We have an enormous amount of wood in our building; the ceilings are all wood and the substructures of the floor underneath it and the external beams are all wood. It's the first wood beam construction in Seattle for a six-story building since 1927. We paid 10 percent more for all of that wood because it is all from FSC forests. If you're a tenant and you look at it, what you see is simply wood. If you're a structural engineer looking for its characteristics, it has the characteristics of wood. All of the additional benefits accrue to the forests where it came from and to the workers in those forests; none of them adhere to the developer or the tenants in the building. Yet if we want to continue to have forests 1,000 years from now, we need to have something that incentivizes that.

So you can have governments that encourage developers to use wood that is sustainably harvested, either by providing them a swifter path through the regulatory maze or providing them a little bit of additional space on the lot, transferable development rights, some kind of preferential treatment in real estate taxes. There are all kinds of tools available to cities, and they use them for a variety of good purposes. They use them principally for low income housing, but also to bring parks and recreational space into underserved neighborhoods. Some cities insist upon urban art.

Only rarely do cities use their tools to promote resiliency and sustainability. But the same tools should be used for those purposes, in a partnership where the private sector can say that "we would love to do this but we can't make it pencil-out unless we have this incentive." As long as everyone is honest, it can be a pretty productive partnership.

Top image of Denis Hayes by David Hiller.



Suzanne Buchta

Global Co-Head of Green Bonds and Market Linked Notes
Bank of America Merrill Lynch
Suzanne Buchta is a managing director in Debt Capital Markets and a 14-year veteran at Bank of America Merrill Lynch. As global co-head of Green Bonds and Market Linked Notes, she and her team work across industry lines to advise capital markets clients on product-specific financings. Buchta has been active in advising issuers and consulting investors on green bonds since 2010.

Inside Paul Hawken’s audacious plan to 'drawdown' climate change

Published October 22, 2014
Tags: Climate
Inside Paul Hawken’s audacious plan to 'drawdown' climate change

Catch Paul Hawken in person next week at VERGE SF 2014, Oct. 27 to 30.

Today, at the Greenbuild conference in New Orleans, entrepreneur and author Paul Hawken will publicly unveil a project, more than a year in the works, aimed at reducing greenhouse gas concentration in the atmosphere.

You read that right: to reduce, not just stabilize, atmospheric CO2 and other gases, in order to reverse rising global temperatures.

Project Drawdown, as it is named, will produce a book in 2016, detailing the costs and benefits of scores of climate solutions, from light bulb technology to livestock techniques to literacy for teenage girls. For each, Hawken and his team will “do the numbers,” providing detailed, science-based data and econometric models showing how each plays out, based on current technology and how it will likely evolve over the project’s 30-year horizon.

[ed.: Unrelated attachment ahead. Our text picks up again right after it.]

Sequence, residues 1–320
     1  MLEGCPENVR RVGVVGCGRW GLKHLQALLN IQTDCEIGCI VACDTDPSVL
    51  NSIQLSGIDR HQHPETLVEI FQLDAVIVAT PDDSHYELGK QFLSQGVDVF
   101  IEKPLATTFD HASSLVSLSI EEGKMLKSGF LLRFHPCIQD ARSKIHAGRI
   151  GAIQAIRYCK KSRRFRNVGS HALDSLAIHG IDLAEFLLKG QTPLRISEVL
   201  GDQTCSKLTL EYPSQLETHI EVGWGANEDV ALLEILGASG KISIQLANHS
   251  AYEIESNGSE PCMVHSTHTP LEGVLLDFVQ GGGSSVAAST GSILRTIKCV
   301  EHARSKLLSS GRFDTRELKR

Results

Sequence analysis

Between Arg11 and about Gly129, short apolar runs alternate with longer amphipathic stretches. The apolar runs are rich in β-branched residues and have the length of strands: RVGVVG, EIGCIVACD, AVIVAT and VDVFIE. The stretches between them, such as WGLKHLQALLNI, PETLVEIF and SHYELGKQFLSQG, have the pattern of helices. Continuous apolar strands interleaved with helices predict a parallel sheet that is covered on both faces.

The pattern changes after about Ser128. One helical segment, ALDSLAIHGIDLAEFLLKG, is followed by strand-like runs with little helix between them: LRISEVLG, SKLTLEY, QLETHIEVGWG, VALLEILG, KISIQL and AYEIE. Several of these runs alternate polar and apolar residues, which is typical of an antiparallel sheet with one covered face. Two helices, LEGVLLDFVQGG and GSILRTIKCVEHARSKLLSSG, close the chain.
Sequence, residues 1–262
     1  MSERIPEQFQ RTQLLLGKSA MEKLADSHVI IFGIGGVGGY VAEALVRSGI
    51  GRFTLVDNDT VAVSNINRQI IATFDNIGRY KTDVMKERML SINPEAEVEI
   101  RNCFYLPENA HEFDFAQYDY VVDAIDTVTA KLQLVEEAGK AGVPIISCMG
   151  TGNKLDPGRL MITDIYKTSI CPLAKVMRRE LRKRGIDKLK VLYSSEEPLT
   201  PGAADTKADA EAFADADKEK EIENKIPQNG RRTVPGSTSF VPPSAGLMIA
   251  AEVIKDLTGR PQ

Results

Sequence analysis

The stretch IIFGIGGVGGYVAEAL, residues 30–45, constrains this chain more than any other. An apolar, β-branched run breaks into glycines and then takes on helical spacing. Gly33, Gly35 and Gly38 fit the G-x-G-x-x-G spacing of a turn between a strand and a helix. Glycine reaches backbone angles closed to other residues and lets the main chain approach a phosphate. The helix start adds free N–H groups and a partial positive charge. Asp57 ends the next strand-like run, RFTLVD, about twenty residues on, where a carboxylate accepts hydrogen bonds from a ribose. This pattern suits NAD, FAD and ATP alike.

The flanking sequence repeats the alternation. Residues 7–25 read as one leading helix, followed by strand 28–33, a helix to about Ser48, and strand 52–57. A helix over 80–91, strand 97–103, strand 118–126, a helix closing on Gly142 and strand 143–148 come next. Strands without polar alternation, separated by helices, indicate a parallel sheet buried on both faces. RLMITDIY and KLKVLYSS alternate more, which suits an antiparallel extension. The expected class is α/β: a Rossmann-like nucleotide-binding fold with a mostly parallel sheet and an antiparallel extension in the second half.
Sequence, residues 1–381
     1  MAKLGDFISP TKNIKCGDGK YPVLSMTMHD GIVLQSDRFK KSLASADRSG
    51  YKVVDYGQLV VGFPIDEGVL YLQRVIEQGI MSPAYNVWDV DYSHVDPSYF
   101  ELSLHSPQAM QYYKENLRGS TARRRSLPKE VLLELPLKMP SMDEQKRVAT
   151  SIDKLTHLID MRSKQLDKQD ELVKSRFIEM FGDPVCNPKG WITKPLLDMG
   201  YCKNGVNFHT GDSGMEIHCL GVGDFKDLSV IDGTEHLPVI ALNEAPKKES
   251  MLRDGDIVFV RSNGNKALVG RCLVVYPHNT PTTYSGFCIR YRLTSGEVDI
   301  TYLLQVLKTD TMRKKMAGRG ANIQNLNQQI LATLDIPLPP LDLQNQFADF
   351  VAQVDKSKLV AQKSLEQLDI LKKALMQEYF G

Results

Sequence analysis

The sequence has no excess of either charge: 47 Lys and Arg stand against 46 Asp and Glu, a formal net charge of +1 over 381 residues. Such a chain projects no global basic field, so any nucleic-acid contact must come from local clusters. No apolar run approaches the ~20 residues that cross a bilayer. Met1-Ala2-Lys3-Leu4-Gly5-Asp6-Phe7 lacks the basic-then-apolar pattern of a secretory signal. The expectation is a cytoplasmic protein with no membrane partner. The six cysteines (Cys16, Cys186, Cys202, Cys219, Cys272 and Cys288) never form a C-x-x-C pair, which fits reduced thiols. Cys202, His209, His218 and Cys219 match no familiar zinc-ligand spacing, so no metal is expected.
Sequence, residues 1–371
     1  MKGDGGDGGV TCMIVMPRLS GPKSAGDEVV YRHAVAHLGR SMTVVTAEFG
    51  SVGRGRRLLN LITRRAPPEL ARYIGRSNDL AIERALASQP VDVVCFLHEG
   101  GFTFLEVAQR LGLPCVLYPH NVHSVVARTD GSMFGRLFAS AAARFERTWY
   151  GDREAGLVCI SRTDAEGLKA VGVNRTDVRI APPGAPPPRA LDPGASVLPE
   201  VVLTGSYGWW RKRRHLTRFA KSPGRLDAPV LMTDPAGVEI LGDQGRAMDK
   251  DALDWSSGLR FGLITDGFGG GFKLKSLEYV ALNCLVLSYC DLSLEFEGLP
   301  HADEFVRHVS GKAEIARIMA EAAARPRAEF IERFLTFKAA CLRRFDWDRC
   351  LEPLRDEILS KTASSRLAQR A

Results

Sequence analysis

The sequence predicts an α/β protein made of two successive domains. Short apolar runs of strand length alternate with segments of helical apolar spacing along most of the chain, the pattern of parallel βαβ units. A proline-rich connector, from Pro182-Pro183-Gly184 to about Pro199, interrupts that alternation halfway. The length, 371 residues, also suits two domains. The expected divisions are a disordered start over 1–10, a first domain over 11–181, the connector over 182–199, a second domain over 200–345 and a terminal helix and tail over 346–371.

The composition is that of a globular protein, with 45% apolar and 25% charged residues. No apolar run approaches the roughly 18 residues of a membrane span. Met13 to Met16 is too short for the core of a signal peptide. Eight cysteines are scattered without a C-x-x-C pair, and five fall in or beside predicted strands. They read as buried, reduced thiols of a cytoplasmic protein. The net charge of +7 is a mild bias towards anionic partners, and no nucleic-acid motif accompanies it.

“The book is not a plan,” Hawken explained to me recently. “It is not a proposal. It is a reflection back to the world what we are doing and know how to do right this second.”

A meaningful dent

The project grew out of Hawken’s frustration with actionable, scalable solutions that would make a meaningful dent in the atmosphere’s growing accumulation of greenhouse gases. The solutions that had been proffered over the years were all seemingly out of reach — ungodly amounts of solar and wind energy that would be required, for example, or the mass adoption of futuristic, unproven technologies.

“It made me feel like this is intractable, that it requires such Promethean work by such mammoth institutions, with policy changes that are more than structural,” he recalled. “It made me feel like it wasn’t possible to address climate change, rather than giving me hope.”

When the activist Bill McKibben wrote the seminal article, “Global Warming’s Terrifying New Math,” in Rolling Stone in 2012, Hawken asked, “Why aren’t we doing the math on the solutions? Somebody should come up with a list and see what it requires so you get to drawdown.”

The idea of “drawdown” — actually reducing greenhouse gas concentrations so that global temperatures drop — hasn’t been part of the conversation, at least among the United Nations crowd, climate activists or cleantech companies. Most focus on the seemingly pragmatic goal of stabilizing greenhouse gases at some level, expressed in parts per million, or ppm, that would be tolerable — or at least not catastrophic, from economic, environmental and social perspectives.

Hawken thought differently. “There’s no such thing as stabilization at 450 or 550 ppm,” he said. “That’s not stabilized. That’s volatile. I felt that the goal should be drawdown, which is a year-to-year reduction of carbon from the upper atmosphere, period.”

Last year, Hawken began teaching at the Presidio Graduate School, alongside climate activist and entrepreneur Amanda Joy Ravenhill. “One day we were just riffing, and we started talking about drawdown and said, ‘Let’s do it. No one else is doing it,’” Hawken recounted. Today, Ravenhill is Project Drawdown’s executive director and, with Hawken, the book’s co-editor. The two have recruited more than 80 advisors, partners, scientists, government agencies and participating universities, along with more than 200 graduate students.

Doing the numbers

Hawken and Ravenhill will need that army to pull off their audacious vision. The challenge, as Hawken describes it, isn’t in describing the solutions but in doing the numbers — the carbon savings and financial accounting, of course, but also how each solution plays out by country or region, based on available energy resources, climate, economy and other factors — and how each is likely to morph over the next 30 years.